In his congregation newsletter, Weinberg notes that Hollywood Temple Beth El has had a glorious past, starting with its founding by some of Hollywoods film industry pioneers. We also know that this congregation, like any person, has gone through its own storms, and from time to time, needs a taking of stock. We owe it to those who came before us and whose passion helped build this sacred place to do so.

We are at such a point now.

We have been operating, since antiquity, as a conventional synagogue, supported by a membership base and High Holy Days tickets, whose focus is on that core membership. However, reality has bypassed that model; this is true for many other synagogues as well.

We must now position ourselves to become the locus of Jewish life in this side of Los Angeles. That means that we are opening our doors to the entire community. Our services are open, our activities are open.

In its effort to make the High Holy Days service more open, Temple Beth El is creating a new prayer book text, Weinberg said. It will be inviting and accessible, with new explanations, readings, and transliteration. We are making sure that the music will move the heart and body, while the teachings will move the heart and mind.

Weinberg said a system to register for tickets to attend High Holy Days services is in the works. Meanwhile, those interested in attending can obtain free, open-seating tickets (or reserved seating for a small donation), by emailing or calling the synagogue at (323) 656-3150 and leaving the names, email address and phone numbers of attendees and the number of tickets desired.

The free, open-seating policy will be in place for the service at 7 p.m. on Friday, Aug. 25, which will feature a musical performance by Bryce Emily Megdal and fellow musicians. Also present will be Cantorial soloist Bryce Megdal, a rising singer and songwriter in the L.A. Jewish music scene. Megdal is a cantorial student at the Academy for Jewish Religion and will be High Holy Days Cantor this year for Temple Beth El.Rabbi Weinberg, senior rabbi at Temple Beth El, will be joined on the pulpit by Rabbi Steven Rosenberg, who is providing his services to act as director of engagement and outreach.

For that service, reservations must be made online through Eventbrite.

Hollywood Temple Beth El is located at 1317 N. Crescent Heights Blvd., at the northwest corner of Fountain.

Tagged high holy days, hollywood temple beth el, rabbi norbert weinberg

Read the original here:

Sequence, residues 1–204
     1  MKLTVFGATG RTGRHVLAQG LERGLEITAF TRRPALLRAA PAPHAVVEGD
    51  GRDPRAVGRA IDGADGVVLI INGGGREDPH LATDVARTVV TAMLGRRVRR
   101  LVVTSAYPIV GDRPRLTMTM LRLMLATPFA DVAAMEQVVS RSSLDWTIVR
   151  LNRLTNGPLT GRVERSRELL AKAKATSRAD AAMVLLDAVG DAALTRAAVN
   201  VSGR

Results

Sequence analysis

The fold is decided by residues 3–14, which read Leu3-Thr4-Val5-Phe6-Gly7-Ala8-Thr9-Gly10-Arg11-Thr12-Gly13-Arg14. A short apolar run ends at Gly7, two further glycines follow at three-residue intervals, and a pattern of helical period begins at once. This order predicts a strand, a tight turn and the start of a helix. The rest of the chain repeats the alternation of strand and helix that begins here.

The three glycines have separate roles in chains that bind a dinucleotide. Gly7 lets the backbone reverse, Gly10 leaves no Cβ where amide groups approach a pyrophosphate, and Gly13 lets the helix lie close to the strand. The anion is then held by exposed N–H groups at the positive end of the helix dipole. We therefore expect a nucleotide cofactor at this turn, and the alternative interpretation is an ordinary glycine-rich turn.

Hollywood Temple Beth El Adopts Open Seating, No Charge Policy for High Holy Days – WEHOville

Posted in Jewish Music Comments Off on Hollywood Temple Beth El Adopts Open Seating, No Charge Policy for High Holy Days – WEHOville

Holocaust survivor, world’s oldest man dead at 113 – Las Vegas Review-Journal

JERUSALEM Israel Kristal, the worlds oldest man who lived through both World Wars and survived the Auschwitz concentration camp has passed away just a month short of his 114th birthday, his family said Saturday.

Oren Kristal, a grandson, said he died Friday. He managed to accomplish a lot. Every year he lived was like a few years for somebody else, Oren told The Associated Press.

Last year Guinness World Records awarded Kristal a certificate as the worlds oldest man at his home in Haifa, Israel.

Kristal was born to an Orthodox Jewish family near the town of Zarnow in Poland in 1903.

When he was a child during World War I in Poland he was a helper for a booze smuggler, he used to run barefoot in the snow through the night many kilometers with a heavy package on his back at about 12 years old, smuggling alcohol between the lines of the war, Oren, his grandson said.

He used to walk very fast until he was very old, faster than me, and he used to tell me that when he was my age if you didnt walk fast enough your feet would stick to the frozen ground, Oren recalled his grandfather telling him.

Kristal was orphaned shortly after World War I and moved to Lodz to work in the family confectionary business in 1920.

During the Nazi occupation of Poland Kristal was confined to the ghetto there and later sent to Auschwitz and other concentration camps. His first wife and two children were killed in the Holocaust. Six million Jews were systematically murdered by German Nazis and their collaborators during WWII.

He used to tell us whenever we were mourning someone that we should consider that they are being buried in the land of Israel, most of the people he knew did not get to be buried in a grave when they died, Oren said.

Kristal survived World War II weighing only about 81 pounds the only survivor of his large family.

He later married another Holocaust survivor and moved with her to Israel in 1950 where he built a new family and a successful confectionary business.

He was a very hard working man, a lot of energy always running from one place to another doing something, Oren, his grandson said.

He said his grandfather participated in one of his great-grandsons bar mitzvah just a few weeks ago.

An observant Jew, Kristal himself only celebrated his bar mitzvah last year, a hundred years later than usual. He missed his bar mitzvah the Jewish coming-of-age ceremony celebrated when a boy turns 13 because of World War I.

Oren said his grandfather gave no explanation to the secret for his incredible longevity.

He is survived by two children and numerous grandchildren and great-grandchildren, media reported.

Continue reading here:
Holocaust survivor, world’s oldest man dead at 113 – Las Vegas Review-Journal

Posted in Bar Mitzvah Comments Off on Holocaust survivor, world’s oldest man dead at 113 – Las Vegas Review-Journal

The Top Jewish-y Events In NYC This Week (Aug 11 Aug 20) – Jewish Week

Posted in Jewish Music Comments Off on The Top Jewish-y Events In NYC This Week (Aug 11 Aug 20) – Jewish Week